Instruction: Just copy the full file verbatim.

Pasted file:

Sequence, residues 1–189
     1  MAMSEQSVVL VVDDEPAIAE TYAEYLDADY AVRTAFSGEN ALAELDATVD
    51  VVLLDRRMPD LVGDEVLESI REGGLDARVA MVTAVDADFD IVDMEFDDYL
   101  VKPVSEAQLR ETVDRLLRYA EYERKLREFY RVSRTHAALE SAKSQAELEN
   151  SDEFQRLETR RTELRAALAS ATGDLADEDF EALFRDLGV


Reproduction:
Sequence, residues 1–189
     1  MAMSEQSVVL VVDDEPAIAE TYAEYLDADY AVRTAFSGEN ALAELDATVD
    51  VVLLDRRMPD LVGDEVLESI REGGLDARVA MVTAVDADFD IVDMEFDDYL
   101  VKPVSEAQLR ETVDRLLRYA EYERKLREFY RVSRTHAALE SAKSQAELEN
   151  SDEFQRLETR RTELRAALAS ATGDLADEDF EALFRDLGV